Karnataka crisis

The political charade in Karnataka has come to such a pass that the Bharatiya Janata Party that had unsuccessfully formed the first government after the election is at government formation again by trial and error and subverting the will of the people of Karnataka (Editorial, “The visible hand”, July 9). Both the party and its State party president and former Karnataka Chief Minister, B.S. Yeddyurappa, have a yen to wrest power even if they lose elections. Consequently, the party with a difference has metamorphised into a party of defectors and the MLAs who are raring to cross over have betrayed the trust of the people. If the JD(S) and the Congress give rebel MLAs ministerial berths, it will be a surefire way for others to rebel. This is a vicious circle. Even if the BJP manages to form a government with floating MLAs, its longevity will be suspect again. This will give rise to a piquant situation. One can safely conclude that democracy in Karnataka is at the mercy of power-hungry politicians.

Abdul Assis P.A.,

Kandassankadavu, Thrissur, Kerala

Even if the BJP forms the government through the back door, it would not the government of, for and by the people, but of, for and by defectors. The party leadership in Delhi may claim that it has nothing to do with the the crisis but the acts of their State leaders make it crystal clear that these cannot be without clearance from Delhi. Perhaps the time has come to dissolve the House and let voters decide who they want.

N. Nagarajan,


The BJP’s hunger for power by any means will dent its image. Ironically, the ‘party with a difference’ is emerging as past master in the art of engineering political defections. In Karnataka, the BJP was piped by a swift and nimble Congress which allowed the JD(S) to lead the coalition government. Ever since then the BJP has been smarting and relentless in its attempts to topple the government. In this game of one-upmanship, it is the people who suffer, as governance is the last thing on the minds of their legislators.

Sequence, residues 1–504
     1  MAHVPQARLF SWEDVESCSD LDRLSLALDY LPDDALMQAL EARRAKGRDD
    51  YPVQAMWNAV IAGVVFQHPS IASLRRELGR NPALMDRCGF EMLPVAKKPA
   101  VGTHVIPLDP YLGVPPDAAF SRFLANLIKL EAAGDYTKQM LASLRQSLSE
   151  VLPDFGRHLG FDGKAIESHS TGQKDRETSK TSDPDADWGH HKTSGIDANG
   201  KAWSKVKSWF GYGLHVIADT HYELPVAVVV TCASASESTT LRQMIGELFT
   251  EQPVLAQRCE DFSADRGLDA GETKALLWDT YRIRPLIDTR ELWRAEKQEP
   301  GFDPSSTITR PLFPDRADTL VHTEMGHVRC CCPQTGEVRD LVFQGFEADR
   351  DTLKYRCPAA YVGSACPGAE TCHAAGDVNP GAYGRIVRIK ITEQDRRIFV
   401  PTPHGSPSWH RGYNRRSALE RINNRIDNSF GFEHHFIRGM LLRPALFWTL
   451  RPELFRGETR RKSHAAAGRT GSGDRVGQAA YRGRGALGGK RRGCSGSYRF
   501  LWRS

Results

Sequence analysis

Vijai Pant,

Hempur, Uttarakhand

If the party leadership somehow succeeds in appeasing the disgruntled MLAs they can never be trusted. Amidst political uncertainty the administration will be in a state of inertia. Parties must think about dealing with horse trading and shifting allegiance in a serious manner. Existing anti-defection laws are ineffective and law-makers find out ample loopholes to escape disqualification. Those who vitiate democratic credibility must be debarred from accessing all benefits as elected representatives.

Dr. George Vareekal,

Burhanpur, Madhya Pradesh

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Printable version | Feb 23, 2020 4:20:05 AM | https://www.thehindu.com/opinion/letters/karnataka-crisis/article28336587.ece

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